The League of Gentlemen is directed by Basil Deardon and adapted to screenplay by Bryan Forbes from the novel written by John Boland. Forbes himself stars alongside Jack Hawkins, Nigel Patrick, Richard Attenborough, Roger Livesey, Kieron Moore, Terence Alexander, Norman Bird and Robert Coote. Music is by Philip Green and cinematography by Arthur Ibbetson. Splendid old chap, darn fine British entertainment as a roll call of Brit thesps and grafters enact a crime caper full of drama, sexual suggestion, humour and action.Plot is simple, Lieutenant-Colonel Norman Hyde (Hawkins), embittered after his decades of service to the army has counted for nothing, gathers up a band of not so merry men to enact a daring bank robbery. The men, all gentlemen scallywags with chequered pasts, have been selected for their various skills that were acquired during their own service to the forces. If they can pull it off, they will be made for life…Once the initial build up of character introductions and their respective lives has been cemented, film kicks on with a tale of men from different walks of life trying to bond together as one. They have to trust each other immeasurably, all the time while adhering to the regimental regime laid out by Hyde. The planning is intricate and fun, and this as some of the men try to balance matters of the heart back in their own homes, then it's on to the action (which is two-fold Dirty Dozen style) and the subsequent aftermath. All of which leads to a bittersweet finale that's simply joyous.There's funny asides to army life and the food that dwells in the service! There's machine gun etiquette and dangerous dames, choice dialogue and even an Oliver Reed cameo where he gays up! Older British movie fans will rejoice at seeing some of the location shots, and the use of the BSA motorcycle, while it's always great to hear the word clot used as an insult. It's a terrific caper movie awash with excellent character playing by a stoic and committed bunch of Briters. 8.5/10

... View More
bkoganbing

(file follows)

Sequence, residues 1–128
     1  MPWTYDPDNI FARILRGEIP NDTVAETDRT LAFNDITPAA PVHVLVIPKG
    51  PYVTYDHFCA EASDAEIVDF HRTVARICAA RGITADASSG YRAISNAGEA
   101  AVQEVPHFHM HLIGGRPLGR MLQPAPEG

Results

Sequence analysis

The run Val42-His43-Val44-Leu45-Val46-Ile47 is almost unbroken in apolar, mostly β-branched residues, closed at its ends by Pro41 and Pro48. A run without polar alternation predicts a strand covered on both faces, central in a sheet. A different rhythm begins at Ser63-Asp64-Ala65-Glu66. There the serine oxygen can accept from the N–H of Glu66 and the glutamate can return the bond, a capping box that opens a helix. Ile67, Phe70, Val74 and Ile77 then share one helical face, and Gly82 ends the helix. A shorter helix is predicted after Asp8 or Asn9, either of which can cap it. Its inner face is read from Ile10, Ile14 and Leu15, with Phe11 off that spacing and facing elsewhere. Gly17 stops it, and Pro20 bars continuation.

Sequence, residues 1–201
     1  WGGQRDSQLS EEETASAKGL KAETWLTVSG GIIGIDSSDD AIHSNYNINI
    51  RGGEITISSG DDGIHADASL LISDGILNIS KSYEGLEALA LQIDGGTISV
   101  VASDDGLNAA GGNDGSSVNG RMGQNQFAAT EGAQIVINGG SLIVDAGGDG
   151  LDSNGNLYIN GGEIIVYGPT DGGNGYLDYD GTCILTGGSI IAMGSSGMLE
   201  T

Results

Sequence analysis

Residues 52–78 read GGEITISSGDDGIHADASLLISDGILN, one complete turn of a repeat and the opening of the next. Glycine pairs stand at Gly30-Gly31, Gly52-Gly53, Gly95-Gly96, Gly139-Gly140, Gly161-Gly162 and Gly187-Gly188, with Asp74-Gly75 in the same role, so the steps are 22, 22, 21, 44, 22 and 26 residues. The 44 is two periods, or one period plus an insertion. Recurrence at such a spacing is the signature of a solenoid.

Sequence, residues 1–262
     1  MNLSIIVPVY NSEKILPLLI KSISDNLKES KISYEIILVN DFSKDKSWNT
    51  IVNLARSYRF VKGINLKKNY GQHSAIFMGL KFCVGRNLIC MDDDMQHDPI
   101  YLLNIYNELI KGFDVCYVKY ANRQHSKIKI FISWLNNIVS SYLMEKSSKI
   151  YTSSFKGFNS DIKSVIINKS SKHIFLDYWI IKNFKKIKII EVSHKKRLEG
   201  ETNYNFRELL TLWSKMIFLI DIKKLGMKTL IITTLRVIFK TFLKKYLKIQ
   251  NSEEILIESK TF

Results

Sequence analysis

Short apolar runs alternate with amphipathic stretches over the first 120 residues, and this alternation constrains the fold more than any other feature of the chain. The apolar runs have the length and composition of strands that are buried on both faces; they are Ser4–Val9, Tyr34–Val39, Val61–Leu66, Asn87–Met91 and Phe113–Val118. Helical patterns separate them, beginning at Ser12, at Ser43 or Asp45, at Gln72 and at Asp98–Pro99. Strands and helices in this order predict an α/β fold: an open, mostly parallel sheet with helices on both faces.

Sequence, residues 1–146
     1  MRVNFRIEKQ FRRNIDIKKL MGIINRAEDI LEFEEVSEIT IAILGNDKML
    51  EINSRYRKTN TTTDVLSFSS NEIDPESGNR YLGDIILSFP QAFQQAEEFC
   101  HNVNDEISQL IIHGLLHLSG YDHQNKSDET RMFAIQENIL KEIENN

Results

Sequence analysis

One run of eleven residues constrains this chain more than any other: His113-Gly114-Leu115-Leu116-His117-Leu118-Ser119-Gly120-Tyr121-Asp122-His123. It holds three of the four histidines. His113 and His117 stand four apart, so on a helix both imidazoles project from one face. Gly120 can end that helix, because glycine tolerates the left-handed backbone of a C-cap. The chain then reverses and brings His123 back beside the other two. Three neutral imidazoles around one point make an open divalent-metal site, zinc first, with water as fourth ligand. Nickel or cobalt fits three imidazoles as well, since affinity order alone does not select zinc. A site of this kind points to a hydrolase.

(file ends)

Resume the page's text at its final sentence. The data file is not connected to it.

Release just 12 days apart and on both sides of the Atlantic were a pair of caper films involving a group of war veterans pulling off a big heist. On the American side was Ocean's Eleven the first and best of the Rat Pack film where Frank Sinatra and his ring-a-ding army pals try to rob five casinos in Las Vegas. And on the British side was Jack Hawkins recruiting The League Of Gentlemen for a caper of his own.We never learn the reason why Hawkins is so disgruntled, but I'm sure it was a good one. And unlike Sinatra who recruited friends Hawkins did some meticulous research and came up with seven total strangers all of whom had disgraced the uniform in some manner. With all their resumes in front of him, Hawkins is sure he's found his crew. And they include Nigel Patrick, Roger Livesey, Richard Attenborough, Bryan Forbes, Kieron Moore, Terence Alexander, and Norman Bird.Ocean's Eleven depended on the chemistry of the players and since all there were buddies in good standing with Sinatra, it had a casual kind of feeling even during the scenes of the actual robbery. In The League Of Gentlemen it was a different kind of chemistry as Hawkins forges a unit together. Not without problems because these guys are by definition individualists who did not take kindly to military discipline in the first place. Besides Hawkins who seemed to like the idea of being back in the army so to speak, the best performances were from Nigel Patrick as the most individual of the lot who gives Hawkins some reasonable concern and Roger Livesey. I don't think Livesey's character would have been allowed on the American cinema as the Code was still in place. He plays a disgraced and defrocked chaplain. When we meet all of them in their dwellings as they get the mysterious invitation to join Hawkins at his club, we see they don't exactly have the best domestic situations going. Part of why they were easy to recruit.This one has to rank as one of Jack Hawkins's stellar cinematic efforts. And it holds up very well for today's audience.